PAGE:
Not only did Android Wilson show himself for what he is ( a liar) but they also apparently rub elbows with people in the CA court system.  It took me less than 30 minutes to show that EA already does these things, but I guess the court just didn't have time to check things out for themselves in November. 
Inventor
#429 Old 11th Apr 2021 at 5:22 PM
I absolutely LOATHE adaptive difficulty. Believe it or not, there are a ton of games with adaptive difficulty. Resident Evil 4 is infamous for having this feature. If you play really well and have really accurate aim, the game will increase its difficulty without telling you. Conversely, if you die too many times or miss too many shots, the game will become easier. This adaptive difficulty disregards the setting chosen before and once the game reduces or increases your difficulty there's no going back. I believe difficulty should always be a player choice. Some people may choose a difficulty too hard or too easy for them, but that's THEIR choice. Player agency is paramount in good video games.
Mad Poster
#430 Old 11th Apr 2021 at 5:27 PM Last edited by Gargoyle Cat : 11th Apr 2021 at 10:56 PM.
Quote:
Originally Posted by Naus Allien
I absolutely LOATHE adaptive difficulty. Believe it or not, there are a ton of games with adaptive difficulty. Resident Evil 4 is infamous for having this feature. If you play really well and have really accurate aim, the game will increase its difficulty without telling you. Conversely, if you die too many times or miss too many shots, the game will become easier. This adaptive difficulty disregards the setting chosen before and once the game reduces or increases your difficulty there's no going back. I believe difficulty should always be a player choice. Some people may choose a difficulty too hard or too easy for them, but that's THEIR choice. Player agency is paramount in good video games.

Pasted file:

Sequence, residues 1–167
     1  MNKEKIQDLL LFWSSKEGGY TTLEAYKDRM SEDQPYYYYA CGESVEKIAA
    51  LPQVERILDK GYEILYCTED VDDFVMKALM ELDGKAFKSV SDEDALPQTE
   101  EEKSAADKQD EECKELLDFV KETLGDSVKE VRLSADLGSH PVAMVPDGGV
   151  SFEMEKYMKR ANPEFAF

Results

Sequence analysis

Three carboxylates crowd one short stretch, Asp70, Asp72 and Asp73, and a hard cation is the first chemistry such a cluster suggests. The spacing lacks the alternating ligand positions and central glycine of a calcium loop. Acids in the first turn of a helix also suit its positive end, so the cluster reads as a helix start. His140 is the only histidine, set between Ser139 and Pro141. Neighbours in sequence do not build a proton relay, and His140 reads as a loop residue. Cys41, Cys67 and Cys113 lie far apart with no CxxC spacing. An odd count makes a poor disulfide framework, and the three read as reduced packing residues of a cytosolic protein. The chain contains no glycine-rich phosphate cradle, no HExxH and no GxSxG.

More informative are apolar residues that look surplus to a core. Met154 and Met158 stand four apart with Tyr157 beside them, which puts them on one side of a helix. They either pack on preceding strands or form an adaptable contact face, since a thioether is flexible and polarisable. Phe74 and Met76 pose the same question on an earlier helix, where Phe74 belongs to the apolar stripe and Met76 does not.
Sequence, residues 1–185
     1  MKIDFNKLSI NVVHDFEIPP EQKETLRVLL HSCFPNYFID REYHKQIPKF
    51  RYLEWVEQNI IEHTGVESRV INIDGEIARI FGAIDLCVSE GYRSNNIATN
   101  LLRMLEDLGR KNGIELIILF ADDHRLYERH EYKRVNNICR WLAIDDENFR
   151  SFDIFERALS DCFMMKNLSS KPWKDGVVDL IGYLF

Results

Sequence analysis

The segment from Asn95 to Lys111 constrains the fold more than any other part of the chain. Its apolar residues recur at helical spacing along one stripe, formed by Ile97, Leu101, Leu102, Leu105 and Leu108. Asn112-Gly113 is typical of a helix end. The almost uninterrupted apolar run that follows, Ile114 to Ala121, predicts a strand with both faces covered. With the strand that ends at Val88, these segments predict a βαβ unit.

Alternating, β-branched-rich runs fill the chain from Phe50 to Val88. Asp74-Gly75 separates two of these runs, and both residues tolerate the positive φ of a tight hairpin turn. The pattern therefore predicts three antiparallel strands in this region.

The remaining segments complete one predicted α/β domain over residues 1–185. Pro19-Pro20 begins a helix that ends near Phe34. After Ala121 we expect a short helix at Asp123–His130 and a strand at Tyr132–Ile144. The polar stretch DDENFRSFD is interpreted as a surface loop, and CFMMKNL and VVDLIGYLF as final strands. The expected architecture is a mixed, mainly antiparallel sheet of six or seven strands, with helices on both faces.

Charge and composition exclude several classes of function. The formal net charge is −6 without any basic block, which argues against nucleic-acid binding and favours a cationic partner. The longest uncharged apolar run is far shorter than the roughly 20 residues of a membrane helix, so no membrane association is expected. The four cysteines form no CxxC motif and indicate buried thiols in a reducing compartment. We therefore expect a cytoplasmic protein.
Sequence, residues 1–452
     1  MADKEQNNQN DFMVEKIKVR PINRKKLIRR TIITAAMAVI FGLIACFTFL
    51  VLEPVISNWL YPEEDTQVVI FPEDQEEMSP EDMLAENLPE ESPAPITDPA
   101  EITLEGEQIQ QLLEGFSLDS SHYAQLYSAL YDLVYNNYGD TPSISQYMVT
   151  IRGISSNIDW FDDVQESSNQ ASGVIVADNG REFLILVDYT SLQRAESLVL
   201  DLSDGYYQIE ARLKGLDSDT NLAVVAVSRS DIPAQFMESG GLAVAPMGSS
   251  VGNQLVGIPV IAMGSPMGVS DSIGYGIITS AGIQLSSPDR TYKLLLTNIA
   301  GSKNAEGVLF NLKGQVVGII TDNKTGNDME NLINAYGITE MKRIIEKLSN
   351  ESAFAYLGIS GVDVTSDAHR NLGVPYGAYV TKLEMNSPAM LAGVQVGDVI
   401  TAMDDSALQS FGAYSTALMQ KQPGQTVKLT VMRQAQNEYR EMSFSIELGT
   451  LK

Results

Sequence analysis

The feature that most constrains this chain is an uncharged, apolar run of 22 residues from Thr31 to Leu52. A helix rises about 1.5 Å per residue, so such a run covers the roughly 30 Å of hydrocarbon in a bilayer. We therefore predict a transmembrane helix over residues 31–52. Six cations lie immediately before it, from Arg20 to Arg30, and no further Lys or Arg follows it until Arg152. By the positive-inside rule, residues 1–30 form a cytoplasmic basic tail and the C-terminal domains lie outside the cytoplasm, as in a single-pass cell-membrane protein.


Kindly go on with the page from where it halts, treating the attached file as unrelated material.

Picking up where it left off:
I have zero doubt that this is in a lot of games. What gets me is EA tried yet again to pull a fast one and was called out on it. Then as of yesterday, I found out they lied about it in court.

EA is beyond even pretending of trying to do anything in good faith at this point.  They speak from their mouths and butts at the same time. This of course is not news, they just continue to confirm this fact.
Scholar
#431 Old 16th Apr 2021 at 10:56 AM
It still baffles me that methods in software can be patented. It is very unlikely that only one person in the world comes up with a certain solution to deal with a problem. It is like getting a patent for painting walls left handed. The abstractization in software also makes it almost impossible to determine what exactly the patent covers. This always comes down to legal debate where no one is sure who will win beforehand. A very expensive battle.